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I'm always curious to find out which writing books are important to other writers. Some that are practically useless to me, are gold to others. I guess it depends on what you write, what stage of the writing process you're in, and what your problem areas are.

When I set out on my long journey of writing, I wrote blindly and with mad fervor. After I wrote a novel-length of words, I went back to the beginning, reread what I'd written, and started crying. No really, I didn't cry, but I did can my "novel," realizing I had a lot to learn. "Writing well'" wasn't as easy as I'd thought it was going to be, and in talking to other writers, they share the same experience.

I decided that I needed to learn all I could about the craft, and later on that evening, I purchased a ton of writing books from Amazon and eagerly awaited their arrival. They landed like airplanes, one after another, taxied into my mailbox, screaming, "Read me!" I'd read a little from one and then the next would arrive and I'd read a little.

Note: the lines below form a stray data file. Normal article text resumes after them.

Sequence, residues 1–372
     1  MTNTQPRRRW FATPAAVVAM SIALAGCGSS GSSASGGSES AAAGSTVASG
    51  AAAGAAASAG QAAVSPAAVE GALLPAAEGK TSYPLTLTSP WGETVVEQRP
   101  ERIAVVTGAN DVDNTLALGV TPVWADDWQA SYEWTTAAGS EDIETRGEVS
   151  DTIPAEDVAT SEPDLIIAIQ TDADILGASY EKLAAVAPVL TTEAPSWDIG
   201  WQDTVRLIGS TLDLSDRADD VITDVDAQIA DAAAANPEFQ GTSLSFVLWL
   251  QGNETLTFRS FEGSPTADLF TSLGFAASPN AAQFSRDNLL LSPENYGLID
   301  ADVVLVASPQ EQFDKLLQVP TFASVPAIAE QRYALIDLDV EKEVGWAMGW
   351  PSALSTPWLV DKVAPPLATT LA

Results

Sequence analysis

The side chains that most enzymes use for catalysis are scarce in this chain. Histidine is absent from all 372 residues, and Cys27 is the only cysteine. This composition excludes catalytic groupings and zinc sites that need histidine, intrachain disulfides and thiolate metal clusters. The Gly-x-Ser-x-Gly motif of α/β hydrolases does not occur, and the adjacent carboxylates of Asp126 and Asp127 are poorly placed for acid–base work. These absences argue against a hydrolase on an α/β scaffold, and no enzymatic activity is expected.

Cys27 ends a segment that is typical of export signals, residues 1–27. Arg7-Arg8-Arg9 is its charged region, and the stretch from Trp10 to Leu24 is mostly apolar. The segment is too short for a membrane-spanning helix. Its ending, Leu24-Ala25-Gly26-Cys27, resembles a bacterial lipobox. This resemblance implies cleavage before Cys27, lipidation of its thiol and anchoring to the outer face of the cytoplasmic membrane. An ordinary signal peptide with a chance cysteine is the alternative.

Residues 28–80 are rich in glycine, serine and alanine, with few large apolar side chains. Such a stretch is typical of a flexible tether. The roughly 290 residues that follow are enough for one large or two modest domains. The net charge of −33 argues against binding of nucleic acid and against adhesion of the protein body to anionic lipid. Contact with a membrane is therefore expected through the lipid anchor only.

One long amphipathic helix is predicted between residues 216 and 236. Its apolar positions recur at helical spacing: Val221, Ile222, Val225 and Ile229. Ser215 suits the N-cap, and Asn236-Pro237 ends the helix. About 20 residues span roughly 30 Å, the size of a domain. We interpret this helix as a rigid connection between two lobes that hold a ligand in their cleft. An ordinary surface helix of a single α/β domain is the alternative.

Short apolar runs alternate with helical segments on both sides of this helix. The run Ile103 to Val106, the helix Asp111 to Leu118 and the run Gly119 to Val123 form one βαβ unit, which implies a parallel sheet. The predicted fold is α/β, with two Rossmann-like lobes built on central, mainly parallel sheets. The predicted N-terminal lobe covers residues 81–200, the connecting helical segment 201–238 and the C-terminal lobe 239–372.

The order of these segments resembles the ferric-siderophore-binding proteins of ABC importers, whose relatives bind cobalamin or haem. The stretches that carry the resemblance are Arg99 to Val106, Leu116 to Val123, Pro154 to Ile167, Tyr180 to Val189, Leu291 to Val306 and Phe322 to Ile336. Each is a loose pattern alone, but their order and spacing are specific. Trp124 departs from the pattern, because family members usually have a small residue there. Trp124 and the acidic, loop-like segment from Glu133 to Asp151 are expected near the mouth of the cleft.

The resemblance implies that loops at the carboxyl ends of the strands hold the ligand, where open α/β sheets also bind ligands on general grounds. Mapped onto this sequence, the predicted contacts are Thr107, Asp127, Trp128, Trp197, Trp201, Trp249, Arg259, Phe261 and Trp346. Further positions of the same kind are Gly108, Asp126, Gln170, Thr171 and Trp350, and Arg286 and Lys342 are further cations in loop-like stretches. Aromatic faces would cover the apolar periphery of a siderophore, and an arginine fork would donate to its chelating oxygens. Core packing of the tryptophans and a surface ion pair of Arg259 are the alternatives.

So, when I turned around one day, I wasn't too surprised to find my bookshelf overflowing with writing literature, reference guides, style manuals, books on structure and plotting. I admit, I haven't read them all. My brain tends to go into a slight coma when reading about writing. I usually end up falling asleep with the book still propped up in my hands, the light on, and my cat snoozing by my side. Then upon awakening, I blame my lack of concentration on my cat, because she's so soft and cuddly that she makes me fall asleep. Plus, she doesn't like me reading because it takes away from her precious petting-time.

Nevertheless, my plan of attack is to set a weekly study schedule and revisit the books that I haven't read. The key is not to read them all at once, because you'll become overwhelmed and won't learn anything. There is such a thing as too much of a good thing. You can become frozen with that blank page sitting in front of you, thinking that anything you write will be a mistake, because of all the contradictory information. So, two hours a week studying the craft is my goal, besides writing every day. We'll see if I stick to it, but in the meantime, I thought I'd share with you what's on my shelf.

Books that jump-start your imagination:

The Observation Deck: A Tool Kit for Writers

By Naomi Epel

"An I Ching for writers," says Jane Steinberg, of

This book and set of flash cards was inspired by the wisdom and needs of various novelists, journalists, self-help gurus, and children's book authors.